Saddle of venison with shallots, salt baked celeriac and venison sauce

  • medium
  • 4
  • 1 hour 30 minutes
Not yet rated

The inspiration for this saddle of venison recipe comes from the Chiltern Hills which are close to Laurie Gear's restaurant, Artichoke. Foraged Douglas Fir needles and salt crusted celeriac give this dish a festive aroma while Hawthorn berries and rosehips add acidity. Laurie Gear recommends substituting the pine needles for citrus peel and cranberries for the foraged berries, if necessary

First published in 2015





Salt baked celeriac

Venison sauce


To plate


  • Pastry brush
  • Fine chinoise


For the salt baked celeriac, whisk the egg whites to medium peaks and incorporate the rock salt to form a paste. Chop the Douglas fir needles and add to the mixture
Preheat the oven to 180°C/gas mark 4. Pat the salt mixture around the celeriac, place on a baking tray and bake for 40 minutes. Remove from the oven and allow to cool
For the venison sauce, place a large pan over a medium heat and add a little olive oil. Roughly chop the carrot, celery, onion and garlic and sweat in the pan until lightly caramelized. Pour in the red wine and reduce by half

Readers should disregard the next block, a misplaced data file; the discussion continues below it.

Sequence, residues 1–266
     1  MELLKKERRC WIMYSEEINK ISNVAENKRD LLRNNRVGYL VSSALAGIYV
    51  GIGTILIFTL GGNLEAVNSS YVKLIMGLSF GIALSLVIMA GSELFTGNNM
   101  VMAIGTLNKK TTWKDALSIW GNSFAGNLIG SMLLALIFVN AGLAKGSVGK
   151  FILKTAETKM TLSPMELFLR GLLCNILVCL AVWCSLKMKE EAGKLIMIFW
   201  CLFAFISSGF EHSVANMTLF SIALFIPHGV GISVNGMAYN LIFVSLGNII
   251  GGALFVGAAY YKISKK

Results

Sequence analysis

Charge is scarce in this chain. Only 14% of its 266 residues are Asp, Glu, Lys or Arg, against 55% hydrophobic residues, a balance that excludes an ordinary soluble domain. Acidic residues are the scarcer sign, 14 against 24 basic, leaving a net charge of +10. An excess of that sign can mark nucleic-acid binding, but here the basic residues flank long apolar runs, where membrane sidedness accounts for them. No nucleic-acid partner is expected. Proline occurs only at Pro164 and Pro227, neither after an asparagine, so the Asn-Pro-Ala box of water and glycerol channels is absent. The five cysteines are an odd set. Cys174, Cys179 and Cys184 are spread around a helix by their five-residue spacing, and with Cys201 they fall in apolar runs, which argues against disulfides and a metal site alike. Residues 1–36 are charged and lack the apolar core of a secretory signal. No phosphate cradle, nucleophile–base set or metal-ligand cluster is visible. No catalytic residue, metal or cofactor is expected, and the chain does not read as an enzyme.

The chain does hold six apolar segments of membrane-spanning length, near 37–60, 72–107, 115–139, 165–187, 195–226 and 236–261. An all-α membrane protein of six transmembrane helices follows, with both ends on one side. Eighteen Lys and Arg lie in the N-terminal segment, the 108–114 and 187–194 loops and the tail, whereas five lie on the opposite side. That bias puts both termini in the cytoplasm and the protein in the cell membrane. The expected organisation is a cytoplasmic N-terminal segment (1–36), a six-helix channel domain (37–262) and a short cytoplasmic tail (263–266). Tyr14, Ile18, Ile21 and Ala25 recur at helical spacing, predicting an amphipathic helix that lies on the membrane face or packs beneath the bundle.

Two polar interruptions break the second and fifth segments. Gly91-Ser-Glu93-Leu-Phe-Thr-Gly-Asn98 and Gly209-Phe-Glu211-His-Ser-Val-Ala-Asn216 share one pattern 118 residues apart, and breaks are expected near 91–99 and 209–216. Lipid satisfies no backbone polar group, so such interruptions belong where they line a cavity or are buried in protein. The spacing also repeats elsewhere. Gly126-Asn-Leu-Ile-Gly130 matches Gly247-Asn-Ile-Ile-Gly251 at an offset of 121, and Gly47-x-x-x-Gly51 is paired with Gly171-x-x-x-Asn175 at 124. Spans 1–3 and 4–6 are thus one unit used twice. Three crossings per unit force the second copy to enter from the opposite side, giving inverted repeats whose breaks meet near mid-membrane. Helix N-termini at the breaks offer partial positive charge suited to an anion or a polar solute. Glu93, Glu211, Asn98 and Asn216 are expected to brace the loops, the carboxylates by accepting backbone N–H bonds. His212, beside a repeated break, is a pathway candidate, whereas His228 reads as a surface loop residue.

Add the roasted venison bones and top up with chicken stock. Bring to the boil, then reduce to a gentle simmer for 30 minutes
Use a large slotted spoon or pair of tongs to remove the bones. Pass the liquid through muslin cloth over a fine strainer to remove all of the solids. Return to a clean pan, bring to a rolling boil and reduce by 3/4
Preheat the oven to 200°C/gas mark 6. Place a pan over a medium heat, add the butter, and as soon as it begins to foam, pan-fry the venison steaks until caramelised all over. Season with salt and transfer to the oven for approximately 12 minutes. Remove and allow to rest for 8-10 minutes
Blanch the cavolo nero in boiling salted water for 2 minutes and then plunge into ice cold water. Drain and squeeze out the excess water. Reheat in a hot pan with some butter and season to taste
For the emulsion, place the berries, rosehips, orange juice and sugar in a small pan and set over a medium heat. Cook until tender. Blitz in a blender and pass through a fine strainer - it should have the consistency of a thin syrup and can be left at room temperature until serving
To serve, brush a strip of emulsion across each plate. Place the buttered cavolo nero on each plate, just off centre, and lay slices of venison on top. Cut the salt baked celeriac into cubes and arrange on each plate along with the shallots. Drizzle with the venison sauce and serve
First published in 2015

Laurie Gear’s restaurant Artichoke isn’t just one of the most innovative kitchens in the Greater London area, it’s also one of the most resilient.

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